Reviews - Major Releases


Film Review: Don Jon

Whether he intended it or not, Joseph Gordon-Levitt, writer, director and star of Don Jon, may have concocted the perfect date movie, with a little something for everyone: raunchy porn for the guys and a romantic moral at the end for their girlfriends.

Sept 23, 2013

-By Shirley Sealy


filmjournal/photos/stylus/1385618-Don_Jon_Md.jpg

For movie details, please click here.

We all know the type: Jon Martello (Joseph Gordon-Levitt) is a swaggering, Italian-American single guy who lives in New Jersey, tends bar for a living, hangs with his pals every night, works out every day, drives a hot car, picks up chicks on Saturday night and goes to church on Sunday morning. So what makes him fascinating enough to build a movie around? Well, here’s what: He’s addicted—really addicted—to Internet porn.

In fact, Levitt originally called his film Don Jon’s Addiction—a downer of a title that certainly doesn’t fit this mostly funny, sometimes upsetting satire on modern sexual mores—and how technology has changed contemporary life in more ways than most of us can imagine. One of Jon’s favorite sayings is “Everybody watches porn,” and if that’s true there should be a huge audience for this highly unusual “romantic comedy.”

A good chunk of screen time here is devoted to rapid-fire clips of the kind of computer porn Jon watches, with occasional cuts to his face as he experiences the moment of private physical ecstasy—which, for him, is waaaay more exciting than sex with a real woman. For starters, he can get it off without being obliged to do anything or say anything—and he does it as often as he wants, like up to 17 times a day. He actually keeps count of them, so he can confess his sins to his priest every Sunday, say a penance of ten Hail Marys and ten Our Fathers—and feel free to go home and start the fun stuff all over again.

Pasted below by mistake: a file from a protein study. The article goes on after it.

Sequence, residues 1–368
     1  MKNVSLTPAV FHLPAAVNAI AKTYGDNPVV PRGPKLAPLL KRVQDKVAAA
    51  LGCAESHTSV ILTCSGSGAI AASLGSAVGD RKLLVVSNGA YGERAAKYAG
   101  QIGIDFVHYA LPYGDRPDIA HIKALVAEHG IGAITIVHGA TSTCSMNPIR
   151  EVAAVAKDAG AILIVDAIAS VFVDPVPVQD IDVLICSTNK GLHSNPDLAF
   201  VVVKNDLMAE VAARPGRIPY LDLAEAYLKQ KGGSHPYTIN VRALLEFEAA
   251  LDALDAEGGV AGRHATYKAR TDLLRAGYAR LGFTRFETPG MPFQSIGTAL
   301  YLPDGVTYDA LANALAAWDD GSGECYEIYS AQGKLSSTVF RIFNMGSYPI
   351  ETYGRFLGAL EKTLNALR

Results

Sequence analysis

Oh, Jon denies that he’s addicted, and everyone knows that he has sex with a different girl every weekend—that’s why his friends call him Don Jon. Despite all this, though, deep down Jon still yearns for a real, one-on-one relationship with a woman who will let him “lose” himself in her the way he loses himself when he’s alone with his computer.

An aside here: Any revulsion the viewer might feel toward Jon’s solitary cyber-sex is counteracted by the sheer charm Gordon-Levitt exudes as Don Jon, and by the light touch he brings to his beautifully paced script—which very soon introduces the girl who rates as a “dime”—i.e., the perfect ten he’s been waiting for. And Scarlett Johansson is perfect as Barbara Sugarman, a romantic traditionalist who’s learned everything she knows about love from the movies—like those 1950s Doris Day and Rock Hudson kind of movies. Barbara feeds Jon’s ardor by making him wait a while to bed her, and by then he’s totally hooked—i.e., “in love”— and eager to prove he’s ready for a long-term relationship. He even brings Barbara to meet the family: Dad (a terrific Tony Danza) can’t get over how hot Barbara is; Mom (Glenne Headly) is thrilled that her son has finally found someone, and Jon’s kid sister (Brie Lawson) doesn’t seem to notice or care—until, that is, it’s time to speak her piece.